My recent flight to Shanghai provided plenty of opportunity to reflect on the challenges that exist for pharmaceutical companies operating in China. Top of mind are the logistical challenges in a country of such scale and diversity and how this impacts compliance initiatives, specifically managing HCP interactions.
With Corporate Integrity Agreements in the US commonplace and the increasing focus on the expansion of transparency reporting initiatives around the world, it seems reasonable to assume that managing HCP interactions in a compliant manner has become a strategic imperative. Or is it?
The Open Payments reporting obligations created equal amounts of concern and frustration in the US, as Life Sciences companies tried to determine the most effective and cost efficient way to consolidate data from multiple disparate systems. Many millions of dollars later, I believe most companies have declared a victory of sorts, with data being submitted as requested to various regulatory bodies, albeit with a certain fragility to the process.
So, with the transparency reporting obligations under control, can’t we all now relax and breathe a collective sigh of relief? Well, not so fast. The journey has only just begun. What may have been viewed as a “tactical necessity” and a somewhat unique requirement of the US market is now spreading steadily across other important global markets. This tactical necessity is rapidly becoming a strategic imperative in many companies, where global or regional Compliance, IT and Procurement teams are trying to control the proliferation of local market initiatives to solve for their own in-country legislation.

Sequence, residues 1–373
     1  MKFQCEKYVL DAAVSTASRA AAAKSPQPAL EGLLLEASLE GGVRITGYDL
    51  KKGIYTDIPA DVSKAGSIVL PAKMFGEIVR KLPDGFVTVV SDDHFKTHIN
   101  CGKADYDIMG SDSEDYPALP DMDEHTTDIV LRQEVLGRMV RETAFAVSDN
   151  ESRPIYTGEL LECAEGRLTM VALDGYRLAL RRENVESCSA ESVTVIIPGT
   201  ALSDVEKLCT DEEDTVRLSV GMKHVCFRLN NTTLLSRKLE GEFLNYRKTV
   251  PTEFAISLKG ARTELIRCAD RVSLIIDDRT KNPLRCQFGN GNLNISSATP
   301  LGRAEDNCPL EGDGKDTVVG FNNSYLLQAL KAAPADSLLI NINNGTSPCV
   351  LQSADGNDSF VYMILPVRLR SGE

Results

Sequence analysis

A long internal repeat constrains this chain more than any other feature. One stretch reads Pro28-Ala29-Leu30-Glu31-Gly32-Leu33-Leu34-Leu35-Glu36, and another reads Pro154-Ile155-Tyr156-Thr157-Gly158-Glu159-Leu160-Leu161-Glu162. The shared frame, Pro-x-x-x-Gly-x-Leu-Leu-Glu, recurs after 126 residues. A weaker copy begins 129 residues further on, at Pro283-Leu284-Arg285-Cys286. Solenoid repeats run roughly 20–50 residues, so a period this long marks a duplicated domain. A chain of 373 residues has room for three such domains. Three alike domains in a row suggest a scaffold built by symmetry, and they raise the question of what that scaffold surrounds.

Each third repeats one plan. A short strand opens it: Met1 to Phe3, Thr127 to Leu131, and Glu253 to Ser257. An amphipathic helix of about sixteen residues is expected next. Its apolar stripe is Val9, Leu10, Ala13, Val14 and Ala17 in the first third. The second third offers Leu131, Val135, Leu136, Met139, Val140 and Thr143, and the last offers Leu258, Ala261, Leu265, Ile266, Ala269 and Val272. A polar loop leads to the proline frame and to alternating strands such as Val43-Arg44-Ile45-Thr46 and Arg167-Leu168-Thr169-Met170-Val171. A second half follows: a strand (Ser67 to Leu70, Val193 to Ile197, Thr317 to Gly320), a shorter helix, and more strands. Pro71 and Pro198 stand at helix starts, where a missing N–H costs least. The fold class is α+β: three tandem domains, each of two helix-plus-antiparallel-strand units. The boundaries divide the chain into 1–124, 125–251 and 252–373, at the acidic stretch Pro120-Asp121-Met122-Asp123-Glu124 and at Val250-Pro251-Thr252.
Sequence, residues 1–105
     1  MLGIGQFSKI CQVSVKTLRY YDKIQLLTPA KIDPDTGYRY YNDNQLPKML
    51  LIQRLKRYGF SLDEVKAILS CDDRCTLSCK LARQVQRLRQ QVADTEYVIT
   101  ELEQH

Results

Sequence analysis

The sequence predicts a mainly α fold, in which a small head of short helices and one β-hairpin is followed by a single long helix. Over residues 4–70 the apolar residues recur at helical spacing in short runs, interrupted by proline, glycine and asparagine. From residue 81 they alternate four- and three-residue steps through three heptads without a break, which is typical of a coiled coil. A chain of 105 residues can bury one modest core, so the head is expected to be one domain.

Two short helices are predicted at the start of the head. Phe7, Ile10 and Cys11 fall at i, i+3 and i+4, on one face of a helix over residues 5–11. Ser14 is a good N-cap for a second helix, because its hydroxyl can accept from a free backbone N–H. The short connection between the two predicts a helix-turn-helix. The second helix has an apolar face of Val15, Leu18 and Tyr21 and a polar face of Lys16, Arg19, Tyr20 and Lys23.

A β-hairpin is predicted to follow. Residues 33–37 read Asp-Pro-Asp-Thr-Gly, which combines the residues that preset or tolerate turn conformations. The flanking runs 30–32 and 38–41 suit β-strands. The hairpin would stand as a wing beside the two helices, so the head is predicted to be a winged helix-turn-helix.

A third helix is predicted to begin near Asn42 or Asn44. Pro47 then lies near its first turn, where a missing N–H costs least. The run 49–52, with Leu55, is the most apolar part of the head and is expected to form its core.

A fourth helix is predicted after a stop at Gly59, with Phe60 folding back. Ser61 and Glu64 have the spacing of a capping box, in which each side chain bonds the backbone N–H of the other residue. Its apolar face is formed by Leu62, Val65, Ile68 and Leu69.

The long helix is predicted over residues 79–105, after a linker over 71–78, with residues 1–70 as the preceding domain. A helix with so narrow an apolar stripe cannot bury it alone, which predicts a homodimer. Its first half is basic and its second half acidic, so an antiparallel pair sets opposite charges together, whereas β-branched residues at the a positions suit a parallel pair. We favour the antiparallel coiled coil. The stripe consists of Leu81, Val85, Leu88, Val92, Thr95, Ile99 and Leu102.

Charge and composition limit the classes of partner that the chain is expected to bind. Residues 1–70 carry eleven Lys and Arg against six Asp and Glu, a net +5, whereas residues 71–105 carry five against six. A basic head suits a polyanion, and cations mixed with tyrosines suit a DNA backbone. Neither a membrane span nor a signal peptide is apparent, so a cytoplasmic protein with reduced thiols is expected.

Their macro-level challenge is extensive and goes beyond the foundational need for strong master data management. The requirement is for an enterprise level compliance approach to HCP interactions which includes standardization on an IT platform to support both data and process considerations. Add to this a material governance and change management initiative and you will begin to understand the complexity.
This challenge is not unique to China or other emerging markets, it’s global in nature and solutions are best approached from that perspective. Having been fortunate enough to have visited China on other occasions and to have travelled to the birthplace of Confucius, l felt compelled to seek some of his wise words that may be applied to these global compliance challenges. The following seemed to resonate.
“By three methods we may learn wisdom: First, by reflection, which is noblest; Second, by imitation, which is easiest; and third by experience, which is the bitterest.”
When it comes to gaining wisdom about globally managing HCP interactions, the goal must be to achieve through methods one and two. As Confucius concludes, the third method should be avoided, as the bitterness will manifest itself in increased costs and compliance risk!
Nigel J. Whitehead, CEO, AHM
Nigel J. Whitehead joined AHM as the CEO in 2013. Nigel brings 30 years experience providing technology enabled business solutions to the Global Life Sciences market including senior positions at CSC, First Consulting Group and Cegedim (formerly Dendrite International).